Healing ministry celebrates 25 years

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It was well past Isaac's bedtime, but he was alert and calm as Deacon Leo Flynn knelt down near the altar to pray over the 5-year-old and his mother, Sarah, who brushed away tears. Isaac has an autoimmune illness contracted from a bad reaction to medication he received at 2 months old. He also has chronic Lyme disease, likely the result of his poorly functioning immune system.

On the other side of St. Anthony of Padua Church in Falls Church, Juan Vitali stood, head bowed, as two prayer ministers rested their hands on his shoulders and prayed quietly. Vitali has Crohn's disease, an inflammatory condition of the gastrointestinal tract. The parishioner of Good Shepherd Church in Alexandria will undergo his 31st surgery next month.

Sarah and Isaac (names have been changed for privacy) and Vitali were among the nearly 150 people - some with physical ailments, others with psychological or spiritual burdens - who attended an Oct. 15 healing service. The evening service marked the 25th anniversary of the Arlington Healing Ministry and included Mass, opportunities to be prayed over and receive the sacrament of reconciliation, and a post-Mass celebratory cake.

"It was a beautiful night of healing, and you could just feel the Holy Spirit," said Catherine Griffin, ministry founder and administrator and a parishioner of St. John the Evangelist Church in Warrenton.

When Griffin's husband was dying from cancer, there were no local healing services, so she made the trek back and forth to Baltimore for Masses. Just two months after his death in 1990, Griffin began building a healing ministry in her home diocese with the help of Missionhurst Father Arthur Verstraete and Deacons Harold Brodeur and Robert Curtin.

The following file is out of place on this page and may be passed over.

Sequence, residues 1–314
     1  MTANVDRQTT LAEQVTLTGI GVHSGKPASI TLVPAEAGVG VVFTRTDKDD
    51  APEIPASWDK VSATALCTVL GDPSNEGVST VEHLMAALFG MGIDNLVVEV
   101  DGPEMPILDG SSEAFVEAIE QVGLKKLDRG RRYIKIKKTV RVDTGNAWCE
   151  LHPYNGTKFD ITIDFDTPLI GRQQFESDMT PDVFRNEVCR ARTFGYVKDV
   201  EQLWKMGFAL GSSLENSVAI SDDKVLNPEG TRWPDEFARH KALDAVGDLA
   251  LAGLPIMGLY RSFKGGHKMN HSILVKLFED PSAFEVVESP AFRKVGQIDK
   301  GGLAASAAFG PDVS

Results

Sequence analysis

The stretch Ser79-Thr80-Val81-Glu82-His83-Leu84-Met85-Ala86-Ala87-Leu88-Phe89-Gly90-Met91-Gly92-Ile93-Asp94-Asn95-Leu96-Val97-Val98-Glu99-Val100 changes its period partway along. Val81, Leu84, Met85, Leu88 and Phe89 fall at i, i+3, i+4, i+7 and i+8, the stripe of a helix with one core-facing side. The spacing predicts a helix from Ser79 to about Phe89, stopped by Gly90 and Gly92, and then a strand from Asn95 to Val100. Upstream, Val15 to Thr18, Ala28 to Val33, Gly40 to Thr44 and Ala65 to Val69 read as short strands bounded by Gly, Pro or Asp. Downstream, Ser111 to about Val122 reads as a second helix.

Because Father Verstraete was not in good health, Father Horace ("Tuck") Grinnell, then in his first stint as pastor of St. Charles Borromeo Church in Arlington and now pastor of St. Peter Church in Washington, Va., was asked to take the lead.

"Starting the ministry was my healing," said Griffin. "I never could have gotten through my husband's death without the people I met through the ministry, without the prayer."

"We knew we needed a way to pray for one another besides the sacrament of the sick; we needed to use the gifts that God has given us in the Eucharist and in the sacrament of penance," said Father Grinnell during his homily at the anniversary Mass. Father Grinnell celebrated the Mass with concelebrants Father David L. Martin, pastor of St. Luke Church in McLean, and Father John H. Melmer, parochial vicar of Our Lady of Lourdes Church in Arlington. Deacon Flynn of the Washington Archdiocese assisted.

All three priests, along with Father Jeb S. Donelan, parochial vicar of St. Anthony, take turns celebrating the monthly Masses at parishes throughout the diocese.

The Oct. 15 service was a chance to "celebrate this milestone, to remember and to renew what God has given us - that is, the power and the desire to pray for one another," said Father Grinnell in the homily.